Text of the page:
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National Weather Service recognizes Boston as a StormReady city

May 9, 2016

Mayor's Office

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Mayor's Office

BOSTON - Monday, May 9, 2016 - Mayor Martin J. Walsh announced today that in a continued effort to increase safety for all Boston residents, the National Weather Service (NWS) has recognized the City of Boston as a StormReady community. The StormReady program helps provide communities with the communication and safety skills needed to save lives and property before, during and after a weather related event. StormReady helps community leaders and emergency managers strengthen local safety programs.

"The StormReady designation reaffirms the City of Boston's commitment to preparedness, and highlights the strong working partnerships between our public safety agencies," said Mayor Walsh. "I thank the National Weather Service for recognizing Boston's high level of readiness and unwavering dedication to the safety of our residents."

StormReady is a voluntary program and there is no cost to apply. To be recognized as StormReady, communities must meet guidelines established by the NWS in partnership with federal, state and local emergency management officials. Specifically, a community is required to:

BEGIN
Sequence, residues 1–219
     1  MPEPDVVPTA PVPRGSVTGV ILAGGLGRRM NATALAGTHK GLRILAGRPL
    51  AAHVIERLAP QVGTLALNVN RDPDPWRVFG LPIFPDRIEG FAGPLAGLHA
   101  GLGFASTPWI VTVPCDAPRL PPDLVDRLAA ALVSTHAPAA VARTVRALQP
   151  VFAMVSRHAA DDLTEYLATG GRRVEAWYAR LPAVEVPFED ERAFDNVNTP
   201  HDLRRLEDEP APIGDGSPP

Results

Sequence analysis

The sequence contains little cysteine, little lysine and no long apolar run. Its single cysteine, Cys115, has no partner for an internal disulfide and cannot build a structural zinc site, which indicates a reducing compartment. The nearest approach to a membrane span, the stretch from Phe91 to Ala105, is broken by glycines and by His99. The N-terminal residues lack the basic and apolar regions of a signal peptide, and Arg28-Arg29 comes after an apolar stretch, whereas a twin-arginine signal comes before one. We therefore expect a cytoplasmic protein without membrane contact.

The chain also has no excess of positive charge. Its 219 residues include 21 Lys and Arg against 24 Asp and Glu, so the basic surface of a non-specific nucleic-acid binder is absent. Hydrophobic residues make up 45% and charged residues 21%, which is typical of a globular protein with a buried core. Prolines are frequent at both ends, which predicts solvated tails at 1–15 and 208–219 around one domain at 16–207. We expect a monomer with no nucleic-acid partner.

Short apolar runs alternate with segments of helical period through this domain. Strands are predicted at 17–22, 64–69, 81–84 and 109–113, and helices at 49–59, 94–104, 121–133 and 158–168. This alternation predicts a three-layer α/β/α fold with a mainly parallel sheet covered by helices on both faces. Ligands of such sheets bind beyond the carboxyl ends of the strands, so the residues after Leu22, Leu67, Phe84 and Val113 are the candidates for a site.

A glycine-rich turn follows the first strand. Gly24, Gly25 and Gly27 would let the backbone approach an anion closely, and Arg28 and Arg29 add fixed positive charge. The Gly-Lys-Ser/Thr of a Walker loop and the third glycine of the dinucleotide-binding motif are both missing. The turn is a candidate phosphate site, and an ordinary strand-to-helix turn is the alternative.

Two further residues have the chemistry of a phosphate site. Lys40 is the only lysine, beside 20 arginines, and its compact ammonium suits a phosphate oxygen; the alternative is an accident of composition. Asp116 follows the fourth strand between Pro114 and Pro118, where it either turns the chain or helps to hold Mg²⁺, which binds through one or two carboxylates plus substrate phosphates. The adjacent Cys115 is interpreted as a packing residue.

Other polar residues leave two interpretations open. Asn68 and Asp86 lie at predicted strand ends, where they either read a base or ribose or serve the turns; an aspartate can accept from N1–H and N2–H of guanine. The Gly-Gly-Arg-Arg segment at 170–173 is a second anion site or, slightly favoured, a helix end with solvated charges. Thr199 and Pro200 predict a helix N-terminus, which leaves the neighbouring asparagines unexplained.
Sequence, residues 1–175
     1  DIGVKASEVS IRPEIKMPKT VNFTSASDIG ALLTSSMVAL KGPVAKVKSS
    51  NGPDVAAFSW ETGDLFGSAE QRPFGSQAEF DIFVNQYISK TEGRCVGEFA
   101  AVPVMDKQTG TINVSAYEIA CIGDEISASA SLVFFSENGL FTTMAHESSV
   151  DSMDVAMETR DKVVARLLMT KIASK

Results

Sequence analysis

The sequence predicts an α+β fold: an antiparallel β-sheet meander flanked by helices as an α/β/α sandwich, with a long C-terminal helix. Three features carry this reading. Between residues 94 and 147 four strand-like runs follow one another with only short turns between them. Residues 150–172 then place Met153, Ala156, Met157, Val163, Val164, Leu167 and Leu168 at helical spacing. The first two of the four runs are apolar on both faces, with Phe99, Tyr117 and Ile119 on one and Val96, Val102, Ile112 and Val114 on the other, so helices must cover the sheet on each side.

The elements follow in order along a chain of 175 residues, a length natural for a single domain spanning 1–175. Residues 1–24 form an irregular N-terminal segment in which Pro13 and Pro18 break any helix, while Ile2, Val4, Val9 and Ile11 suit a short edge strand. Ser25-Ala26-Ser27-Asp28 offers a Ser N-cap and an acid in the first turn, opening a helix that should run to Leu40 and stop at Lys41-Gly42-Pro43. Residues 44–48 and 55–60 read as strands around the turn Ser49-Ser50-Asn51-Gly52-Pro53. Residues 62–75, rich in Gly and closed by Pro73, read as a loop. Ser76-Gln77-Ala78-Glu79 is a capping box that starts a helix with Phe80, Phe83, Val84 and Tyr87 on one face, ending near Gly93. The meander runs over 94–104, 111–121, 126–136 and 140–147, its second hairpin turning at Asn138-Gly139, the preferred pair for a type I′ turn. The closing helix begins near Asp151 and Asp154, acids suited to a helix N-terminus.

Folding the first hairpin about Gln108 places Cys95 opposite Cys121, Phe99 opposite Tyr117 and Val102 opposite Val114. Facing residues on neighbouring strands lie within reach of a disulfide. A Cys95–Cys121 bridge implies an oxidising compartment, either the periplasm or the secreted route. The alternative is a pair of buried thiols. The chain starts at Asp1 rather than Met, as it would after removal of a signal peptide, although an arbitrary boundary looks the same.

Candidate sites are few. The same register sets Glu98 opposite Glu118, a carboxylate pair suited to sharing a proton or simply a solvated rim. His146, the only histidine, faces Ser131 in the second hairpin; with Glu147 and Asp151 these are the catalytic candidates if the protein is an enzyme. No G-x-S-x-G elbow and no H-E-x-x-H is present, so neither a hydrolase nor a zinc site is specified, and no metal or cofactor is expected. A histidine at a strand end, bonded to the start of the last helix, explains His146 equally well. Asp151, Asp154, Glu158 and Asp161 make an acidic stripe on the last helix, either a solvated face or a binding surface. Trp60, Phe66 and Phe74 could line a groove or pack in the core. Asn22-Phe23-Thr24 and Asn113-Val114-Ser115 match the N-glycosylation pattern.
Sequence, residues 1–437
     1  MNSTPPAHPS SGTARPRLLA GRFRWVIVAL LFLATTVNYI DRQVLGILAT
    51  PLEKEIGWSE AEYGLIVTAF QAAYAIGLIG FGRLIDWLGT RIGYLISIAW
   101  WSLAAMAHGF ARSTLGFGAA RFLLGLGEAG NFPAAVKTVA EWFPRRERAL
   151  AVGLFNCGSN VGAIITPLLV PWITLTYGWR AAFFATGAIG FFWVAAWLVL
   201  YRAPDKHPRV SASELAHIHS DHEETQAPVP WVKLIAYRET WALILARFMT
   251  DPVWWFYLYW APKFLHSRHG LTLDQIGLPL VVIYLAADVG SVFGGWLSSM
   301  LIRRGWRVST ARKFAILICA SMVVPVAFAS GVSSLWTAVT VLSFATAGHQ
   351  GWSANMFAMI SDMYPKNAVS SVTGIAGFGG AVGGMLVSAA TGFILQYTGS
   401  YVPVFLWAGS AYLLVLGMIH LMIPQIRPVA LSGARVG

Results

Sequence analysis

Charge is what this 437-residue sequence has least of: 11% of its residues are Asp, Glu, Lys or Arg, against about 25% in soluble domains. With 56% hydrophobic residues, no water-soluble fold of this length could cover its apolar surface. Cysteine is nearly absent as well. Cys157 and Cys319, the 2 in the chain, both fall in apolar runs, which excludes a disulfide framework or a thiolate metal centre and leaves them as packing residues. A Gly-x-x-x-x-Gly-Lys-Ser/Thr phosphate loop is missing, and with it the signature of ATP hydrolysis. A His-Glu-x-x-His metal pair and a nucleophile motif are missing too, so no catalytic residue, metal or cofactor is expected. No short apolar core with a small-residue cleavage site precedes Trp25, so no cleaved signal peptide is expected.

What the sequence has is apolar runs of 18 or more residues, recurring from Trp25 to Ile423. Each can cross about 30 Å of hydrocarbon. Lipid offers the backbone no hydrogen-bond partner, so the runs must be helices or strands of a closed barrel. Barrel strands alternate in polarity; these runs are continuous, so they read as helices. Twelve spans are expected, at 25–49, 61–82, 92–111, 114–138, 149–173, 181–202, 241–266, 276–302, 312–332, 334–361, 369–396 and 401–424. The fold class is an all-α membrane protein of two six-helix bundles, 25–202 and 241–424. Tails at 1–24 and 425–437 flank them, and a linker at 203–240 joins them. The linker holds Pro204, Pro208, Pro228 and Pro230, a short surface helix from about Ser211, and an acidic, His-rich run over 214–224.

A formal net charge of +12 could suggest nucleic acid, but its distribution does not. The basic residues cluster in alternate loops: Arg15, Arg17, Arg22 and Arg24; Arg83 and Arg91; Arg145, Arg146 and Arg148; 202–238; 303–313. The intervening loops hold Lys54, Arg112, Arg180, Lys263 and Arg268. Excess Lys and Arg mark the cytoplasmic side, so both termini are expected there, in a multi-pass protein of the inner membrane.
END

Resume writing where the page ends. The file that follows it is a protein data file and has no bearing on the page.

• Establish a 24-hour warning point and emergency operations center;
  • Have multiple methods to receive and disseminate severe weather warnings and information for their community;
  • Have various methods to monitor weather conditions locally;
  • Promote the importance of public readiness;
  • Develop a formal hazardous weather action plan, including severe weather spotter training and drills.

"While no community can ever be storm-proof, being StormReady means that the City of Boston has multiple ways to receive and disseminate warnings to key officials, first responders and to the public. Boston has done everything that it can do to be prepared and protect its citizens and visitors," said Glenn Field, Warning Coordination Meteorologist at the National Weather Service in Taunton, MA.

StormReady uses a grassroots approach to help communities develop plans to handle all types of severe weather - from tornadoes to hurricanes. The program encourages communities to take a new, proactive approach to improving local hazardous weather operations by providing emergency managers with clear-cut guidelines on how to improve their hazardous weather operations.

"We're very proud of this achievement," said Director Rene Fielding of the Mayor's Office of Emergency Management (OEM). "Our office places a premium on effective communication during all weather related incidents, and receiving this distinction from the National Weather Service validates those efforts."

Currently, there are 15 cities and towns with StormReady designation in Massachusetts.